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U.S. Links Iran to Efforts to Torpedo Peace Process

May 09, 1995|ROBIN WRIGHT | TIMES STAFF WRITER

Moreover, Iran is "aggressively pursuing an indigenous basis" to produce both enriched uranium and plutonium, the two fuels of nuclear weapons, a U.S. specialist said.

As with past charges, U.S. allies contended that Washington is overrating Iran as an imminent nuclear power. Even private American experts on nuclear proliferation said that so far there is only circumstantial evidence of Iran's intent.

"Iran's pattern of procurement of nuclear technology doesn't make sense for a civilian program. But on the other hand, there doesn't seem to be hard evidence of unambiguous bomb-making activity," said Gary Milhollin, director of the Wisconsin Project on Nuclear Arms Control in Washington.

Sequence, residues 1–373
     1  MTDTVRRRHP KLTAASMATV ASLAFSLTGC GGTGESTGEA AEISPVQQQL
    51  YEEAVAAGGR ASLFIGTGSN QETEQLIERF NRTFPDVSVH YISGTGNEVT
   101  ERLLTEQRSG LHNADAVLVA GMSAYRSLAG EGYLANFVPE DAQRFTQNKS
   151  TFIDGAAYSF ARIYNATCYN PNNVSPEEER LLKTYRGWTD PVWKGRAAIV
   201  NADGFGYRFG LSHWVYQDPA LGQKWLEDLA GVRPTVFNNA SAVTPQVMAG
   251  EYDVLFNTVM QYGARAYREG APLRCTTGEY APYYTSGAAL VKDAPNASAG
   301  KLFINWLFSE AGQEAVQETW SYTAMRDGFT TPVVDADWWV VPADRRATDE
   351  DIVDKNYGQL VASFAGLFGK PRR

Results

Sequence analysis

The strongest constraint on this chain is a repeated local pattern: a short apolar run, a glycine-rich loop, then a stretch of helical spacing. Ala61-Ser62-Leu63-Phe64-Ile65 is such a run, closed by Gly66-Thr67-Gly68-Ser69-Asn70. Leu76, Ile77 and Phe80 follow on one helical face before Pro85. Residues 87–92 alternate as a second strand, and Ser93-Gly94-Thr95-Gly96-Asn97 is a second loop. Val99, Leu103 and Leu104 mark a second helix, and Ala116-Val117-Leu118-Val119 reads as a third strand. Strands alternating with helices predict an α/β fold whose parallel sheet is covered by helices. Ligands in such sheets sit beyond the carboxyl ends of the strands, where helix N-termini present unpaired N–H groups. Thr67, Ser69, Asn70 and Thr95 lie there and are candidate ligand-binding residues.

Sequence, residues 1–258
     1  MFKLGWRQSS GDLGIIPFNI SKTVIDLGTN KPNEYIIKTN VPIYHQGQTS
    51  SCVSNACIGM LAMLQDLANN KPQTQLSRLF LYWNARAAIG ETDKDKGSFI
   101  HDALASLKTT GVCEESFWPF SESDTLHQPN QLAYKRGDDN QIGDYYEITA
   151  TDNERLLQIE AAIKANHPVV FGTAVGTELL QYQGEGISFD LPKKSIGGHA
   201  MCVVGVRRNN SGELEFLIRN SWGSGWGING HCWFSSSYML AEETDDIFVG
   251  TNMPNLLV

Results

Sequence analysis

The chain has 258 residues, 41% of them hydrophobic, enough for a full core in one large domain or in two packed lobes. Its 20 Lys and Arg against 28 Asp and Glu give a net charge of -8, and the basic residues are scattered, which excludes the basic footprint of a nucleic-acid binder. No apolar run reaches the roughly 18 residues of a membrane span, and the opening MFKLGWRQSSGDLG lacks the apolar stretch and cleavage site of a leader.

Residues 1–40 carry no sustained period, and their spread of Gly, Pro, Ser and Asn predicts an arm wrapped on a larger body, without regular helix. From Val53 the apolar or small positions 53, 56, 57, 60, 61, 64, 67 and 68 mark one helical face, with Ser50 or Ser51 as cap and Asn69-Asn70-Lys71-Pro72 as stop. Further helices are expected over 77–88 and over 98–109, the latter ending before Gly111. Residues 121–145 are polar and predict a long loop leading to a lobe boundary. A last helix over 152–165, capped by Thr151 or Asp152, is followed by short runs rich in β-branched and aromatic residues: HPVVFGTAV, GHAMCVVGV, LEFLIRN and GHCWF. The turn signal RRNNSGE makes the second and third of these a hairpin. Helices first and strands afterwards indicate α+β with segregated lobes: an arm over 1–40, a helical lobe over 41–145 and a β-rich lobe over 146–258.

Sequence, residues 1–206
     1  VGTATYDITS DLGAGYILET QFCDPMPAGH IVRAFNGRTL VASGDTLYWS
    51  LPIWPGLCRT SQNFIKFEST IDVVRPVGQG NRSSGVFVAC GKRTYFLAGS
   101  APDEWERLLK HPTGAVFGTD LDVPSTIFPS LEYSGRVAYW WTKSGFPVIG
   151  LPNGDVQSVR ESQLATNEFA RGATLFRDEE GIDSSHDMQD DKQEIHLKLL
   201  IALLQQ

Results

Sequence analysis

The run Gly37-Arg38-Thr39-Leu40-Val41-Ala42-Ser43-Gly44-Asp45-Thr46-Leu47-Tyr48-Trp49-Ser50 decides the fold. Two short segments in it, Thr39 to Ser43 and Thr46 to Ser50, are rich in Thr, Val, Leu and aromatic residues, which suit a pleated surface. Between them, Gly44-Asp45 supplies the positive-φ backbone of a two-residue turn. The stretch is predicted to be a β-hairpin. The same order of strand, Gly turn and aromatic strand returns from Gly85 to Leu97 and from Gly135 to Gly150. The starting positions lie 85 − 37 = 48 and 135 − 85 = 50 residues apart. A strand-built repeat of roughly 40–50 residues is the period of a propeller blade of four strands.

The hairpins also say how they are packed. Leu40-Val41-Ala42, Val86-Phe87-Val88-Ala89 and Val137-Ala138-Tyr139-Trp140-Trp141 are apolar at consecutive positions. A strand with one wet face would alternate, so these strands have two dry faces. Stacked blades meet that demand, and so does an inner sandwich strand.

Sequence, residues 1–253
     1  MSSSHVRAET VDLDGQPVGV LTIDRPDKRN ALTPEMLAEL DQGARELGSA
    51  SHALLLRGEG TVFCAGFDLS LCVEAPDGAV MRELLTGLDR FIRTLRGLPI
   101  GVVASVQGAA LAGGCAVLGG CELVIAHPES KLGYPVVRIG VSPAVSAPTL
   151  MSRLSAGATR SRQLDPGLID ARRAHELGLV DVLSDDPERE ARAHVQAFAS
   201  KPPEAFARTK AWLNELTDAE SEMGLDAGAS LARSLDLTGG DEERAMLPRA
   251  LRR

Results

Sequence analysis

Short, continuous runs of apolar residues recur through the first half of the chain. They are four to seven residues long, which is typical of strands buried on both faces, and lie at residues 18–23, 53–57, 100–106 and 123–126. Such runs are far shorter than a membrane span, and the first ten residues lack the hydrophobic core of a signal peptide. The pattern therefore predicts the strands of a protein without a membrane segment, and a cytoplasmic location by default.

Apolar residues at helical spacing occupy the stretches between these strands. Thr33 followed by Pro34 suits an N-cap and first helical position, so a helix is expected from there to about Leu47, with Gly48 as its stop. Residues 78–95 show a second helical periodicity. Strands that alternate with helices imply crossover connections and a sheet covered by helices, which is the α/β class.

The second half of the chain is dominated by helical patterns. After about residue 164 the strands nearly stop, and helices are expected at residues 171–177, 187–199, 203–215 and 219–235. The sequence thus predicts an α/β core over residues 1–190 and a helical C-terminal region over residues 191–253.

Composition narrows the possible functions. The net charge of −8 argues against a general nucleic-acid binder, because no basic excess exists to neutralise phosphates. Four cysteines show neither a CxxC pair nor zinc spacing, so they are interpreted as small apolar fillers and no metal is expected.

Iran took some of the punch out of U.S. accusations about its nuclear intent by pledging last week to send spent fuel, which can be used in the production of nuclear weapons, from its Russian-built reactor to Russia.

"It's the usual procedure," said Mohammed Sadegh Ayatollahi, Iran's envoy to the International Atomic Energy Agency in Vienna. "In all our contacts--first with the Germans (who started one reactor during the monarchy) and then with Russia--we assumed that we would give (the fuel) back once it was depleted."

Milhollin said the pledge makes Russia's sale of nuclear reactors "much more palatable strategically."

What still makes Iran's nuclear intentions suspect, according to both U.S. officials and Milhollin, is its huge oil reserves. "Why turn to very expensive alternatives when you have a cheap source of energy in your back yard?" one official asked.

Iran responded that the International Atomic Energy Agency urges nations to diversify their energy sources, with about 20% or 25% generated by nuclear power plants. Iran would need four reactors such as those Russia would build to bring it up to 20%.

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